The University Code

As summer simmers down, the Da Vinci Code-fever is also mercifully breaking. I only wish that the curiosity that drove 40 million people to read Brown’s thriller would drive millions more to take up a more noble quest—a quest for veritas, or truth. That’s a quest that Kelly Monroe Kullberg has been on since long before Dan Brown’s name became a household word. Kullberg’s real-life quest, detailed in her new book Finding God Beyond Harvard, led her through the gates and archives of America’s Ivy League institutions in a search for truth. She found clues in Harvard’s wrought iron gates etched with a mysterious Latin phrase, Christo et Ecclessiae, “For Christ and the Church,” and among Princeton’s founding records and ancient seals, which bore the motto, Vitam Mortuis Reddo, “I restore life to the dead.” Clues unfolded in Dartmouth’s Rollin Chapel where drywall covered over priceless stained-glass windows of a robed man, healing, hanging on a cross, emerging from a tomb. Kullberg did not need a cryptologist to decipher the code. And unlike the Da Vinci Code’s insinuations that there is a cover-up afoot in the Church, Kullberg found the real cover-up is happening in our universities, where academic elites are seeking to hide the fact that truth exists, that it is knowable, and that its foundation is Christ Himself. Kelly discovered this cover-up firsthand when she enrolled in Harvard Divinity School. She writes: “I went to Harvard Divinity School expecting to be challenged by both secular and Christian professors, students, and a broad curriculum. But by the end of the orientation lunch, I gathered that I was not to speak of Jesus or the Bible without a tone of erudite cynicism. I quickly learned that subtle mockery trumped reason. . . . Ironically, everything was tolerated except that for which Harvard College was founded—In Christi Gloriam—Jesus Christ’s glory.” But thankfully for thousands of university students, Kelly didn’t adopt the attitude of the culture around her. Instead, the hush-hush about the name of Jesus moved her to dig deeper. What she found was that her search for Truth led her again and again, not to a thing, but to the person of Jesus Christ. And so, what began as one student’s honest quest for truth led to a movement that is now on nearly fifty campuses. The Veritas Forum, which Kelly first organized on Harvard’s campus in 1992, encouraged students to ask the hard questions and gathered notable speakers, like Ravi Zacharias, who asked them, too, with talks like, “Is Atheism Dead?” Today Veritas Forums are still pointing students to the Truth, a not-so-secret “code” emblazoned for nearly two centuries in Harvard’s school shield. That shield combined the school’s motto, Veritas, with the name of Jesus, citing John 8:32, “If you hold to my teaching . . . then you will know the truth and the truth will set you free.” So if you’re ready for a real page-turner, I’d encourage you to pick up Kelly Kullberg’s Finding God Beyond Harvard and explore the clues that point to the most thrilling secret of all time: Christ is veritas, and you will be reminded that your job in life is to seek and defend that truth.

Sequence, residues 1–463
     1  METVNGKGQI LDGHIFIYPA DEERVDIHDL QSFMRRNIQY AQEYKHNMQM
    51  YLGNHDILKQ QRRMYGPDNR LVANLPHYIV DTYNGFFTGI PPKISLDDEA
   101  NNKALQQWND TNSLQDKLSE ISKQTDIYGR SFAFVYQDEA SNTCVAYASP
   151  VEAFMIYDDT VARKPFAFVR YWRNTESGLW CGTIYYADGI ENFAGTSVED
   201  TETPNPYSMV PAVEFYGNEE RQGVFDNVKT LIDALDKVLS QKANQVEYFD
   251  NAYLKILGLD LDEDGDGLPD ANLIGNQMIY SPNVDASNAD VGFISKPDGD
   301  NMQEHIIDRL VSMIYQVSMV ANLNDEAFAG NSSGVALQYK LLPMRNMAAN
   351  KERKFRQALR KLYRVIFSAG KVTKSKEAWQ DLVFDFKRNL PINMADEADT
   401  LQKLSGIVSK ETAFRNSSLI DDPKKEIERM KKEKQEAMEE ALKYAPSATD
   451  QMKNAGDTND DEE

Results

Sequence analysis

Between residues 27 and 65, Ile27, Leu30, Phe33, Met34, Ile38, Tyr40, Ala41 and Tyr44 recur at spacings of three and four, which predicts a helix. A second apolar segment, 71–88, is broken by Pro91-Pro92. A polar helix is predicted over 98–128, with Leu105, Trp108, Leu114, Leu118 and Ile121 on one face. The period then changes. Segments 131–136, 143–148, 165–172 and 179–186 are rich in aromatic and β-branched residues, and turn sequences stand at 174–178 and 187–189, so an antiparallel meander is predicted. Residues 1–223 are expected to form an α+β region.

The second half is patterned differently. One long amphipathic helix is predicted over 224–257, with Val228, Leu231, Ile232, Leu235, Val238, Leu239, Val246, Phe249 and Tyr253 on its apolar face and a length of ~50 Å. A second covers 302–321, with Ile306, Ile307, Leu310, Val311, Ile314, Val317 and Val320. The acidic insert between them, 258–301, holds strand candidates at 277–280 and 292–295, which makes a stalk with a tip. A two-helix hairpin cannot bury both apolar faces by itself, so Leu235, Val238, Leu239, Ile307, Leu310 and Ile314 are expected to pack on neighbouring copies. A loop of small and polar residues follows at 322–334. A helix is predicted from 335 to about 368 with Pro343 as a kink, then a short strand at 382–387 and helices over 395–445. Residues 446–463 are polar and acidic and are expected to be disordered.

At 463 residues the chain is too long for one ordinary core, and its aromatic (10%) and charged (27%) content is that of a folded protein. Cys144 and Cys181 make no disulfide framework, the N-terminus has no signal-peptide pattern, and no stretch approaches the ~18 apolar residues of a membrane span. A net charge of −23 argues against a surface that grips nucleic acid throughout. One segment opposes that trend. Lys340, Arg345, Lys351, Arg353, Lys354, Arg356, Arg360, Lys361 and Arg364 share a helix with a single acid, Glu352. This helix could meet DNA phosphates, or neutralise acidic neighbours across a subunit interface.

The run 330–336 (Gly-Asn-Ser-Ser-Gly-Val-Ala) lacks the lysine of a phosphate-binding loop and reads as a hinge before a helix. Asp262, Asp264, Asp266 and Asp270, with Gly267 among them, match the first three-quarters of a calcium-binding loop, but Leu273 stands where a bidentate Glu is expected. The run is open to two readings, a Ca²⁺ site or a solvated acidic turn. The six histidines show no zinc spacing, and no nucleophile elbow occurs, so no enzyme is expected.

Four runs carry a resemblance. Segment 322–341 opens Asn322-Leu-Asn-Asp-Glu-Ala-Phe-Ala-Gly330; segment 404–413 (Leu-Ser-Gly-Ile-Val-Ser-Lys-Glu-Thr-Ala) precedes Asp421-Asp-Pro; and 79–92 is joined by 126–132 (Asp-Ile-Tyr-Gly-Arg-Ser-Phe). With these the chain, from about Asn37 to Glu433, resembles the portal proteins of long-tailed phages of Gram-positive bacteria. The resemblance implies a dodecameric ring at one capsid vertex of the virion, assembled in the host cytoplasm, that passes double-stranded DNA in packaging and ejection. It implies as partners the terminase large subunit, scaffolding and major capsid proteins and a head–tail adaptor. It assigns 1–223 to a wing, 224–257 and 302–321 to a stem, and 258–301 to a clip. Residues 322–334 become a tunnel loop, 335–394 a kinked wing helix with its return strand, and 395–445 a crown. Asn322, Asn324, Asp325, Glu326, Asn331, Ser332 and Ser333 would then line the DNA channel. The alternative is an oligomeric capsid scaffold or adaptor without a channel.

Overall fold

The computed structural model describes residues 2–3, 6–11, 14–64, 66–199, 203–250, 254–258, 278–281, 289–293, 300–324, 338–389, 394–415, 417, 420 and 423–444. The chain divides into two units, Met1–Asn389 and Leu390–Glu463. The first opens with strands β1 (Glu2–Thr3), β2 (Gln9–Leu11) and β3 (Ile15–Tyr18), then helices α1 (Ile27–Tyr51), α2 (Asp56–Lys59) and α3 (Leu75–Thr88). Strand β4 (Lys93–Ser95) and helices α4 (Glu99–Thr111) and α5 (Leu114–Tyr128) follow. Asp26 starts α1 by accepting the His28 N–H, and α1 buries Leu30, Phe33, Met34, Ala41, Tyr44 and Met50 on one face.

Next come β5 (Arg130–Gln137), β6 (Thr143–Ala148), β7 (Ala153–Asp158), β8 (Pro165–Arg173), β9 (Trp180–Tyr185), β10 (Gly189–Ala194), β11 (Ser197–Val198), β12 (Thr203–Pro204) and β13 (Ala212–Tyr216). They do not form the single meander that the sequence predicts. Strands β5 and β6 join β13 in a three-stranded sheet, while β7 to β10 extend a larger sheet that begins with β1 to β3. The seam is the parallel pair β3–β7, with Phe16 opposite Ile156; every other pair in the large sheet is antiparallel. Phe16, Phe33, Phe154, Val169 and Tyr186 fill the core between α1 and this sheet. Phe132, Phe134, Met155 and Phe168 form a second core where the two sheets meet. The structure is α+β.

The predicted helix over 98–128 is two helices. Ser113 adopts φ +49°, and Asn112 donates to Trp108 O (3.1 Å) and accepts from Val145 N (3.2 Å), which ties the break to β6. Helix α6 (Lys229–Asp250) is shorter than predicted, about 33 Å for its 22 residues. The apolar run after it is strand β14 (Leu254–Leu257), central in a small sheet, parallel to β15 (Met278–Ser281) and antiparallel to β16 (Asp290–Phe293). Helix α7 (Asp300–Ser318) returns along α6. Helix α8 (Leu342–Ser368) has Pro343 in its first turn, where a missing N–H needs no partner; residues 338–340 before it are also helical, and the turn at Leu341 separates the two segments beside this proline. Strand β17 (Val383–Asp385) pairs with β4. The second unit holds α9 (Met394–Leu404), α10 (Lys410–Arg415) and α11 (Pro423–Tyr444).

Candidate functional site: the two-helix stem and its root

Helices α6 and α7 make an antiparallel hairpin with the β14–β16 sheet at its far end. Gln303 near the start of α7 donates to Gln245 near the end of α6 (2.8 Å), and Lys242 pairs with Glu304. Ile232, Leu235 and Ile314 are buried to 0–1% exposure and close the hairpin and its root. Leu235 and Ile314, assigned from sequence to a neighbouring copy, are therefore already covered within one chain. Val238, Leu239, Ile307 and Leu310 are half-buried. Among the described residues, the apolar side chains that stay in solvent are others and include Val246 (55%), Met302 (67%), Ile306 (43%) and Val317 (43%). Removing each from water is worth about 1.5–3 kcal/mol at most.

For Further Reading and Information
Today’s BreakPoint offer: Rewired—a tool for teens, a tool for truth. Tell your youth pastor about it! Kelly Monroe Kullberg, Finding God Beyond Harvard (InterVarsity, 2006). Read excerpts from the book. Kelly Monroe, ed., Finding God at Harvard (Zondervan, 1997). Visit the Veritas Forum website. Mary Jacobs, “Author Q&A: Harvard Forum Lets Students Ask Deeper Questions,” United Methodist Reporter Interactive, 7 September 2006. Julia Thompson, “Accepted,” To the Source, 23 August 2006. BreakPoint Commentary No. 041221, “Avoiding the Freefall: Choosing a College.” BreakPoint Commentary No. 050812, “Fears and Fallacies: How to Stand Your Ground.” Ken Myers, “The Idea of the University,” BreakPoint WorldView, April 2004. Arthur F. Holmes, “Wanted: Christian Scholars!” BreakPoint WorldView, April 2004. David S. Dockery, “Integrating Faith and Learning in Higher Education,” speech, 20 September 2000. Gina R. Dalfonzo, “Seizing the Moment: Church, Culture, and The Da Vinci Code,” BreakPoint WorldView, March 2006.


Chuck Colson



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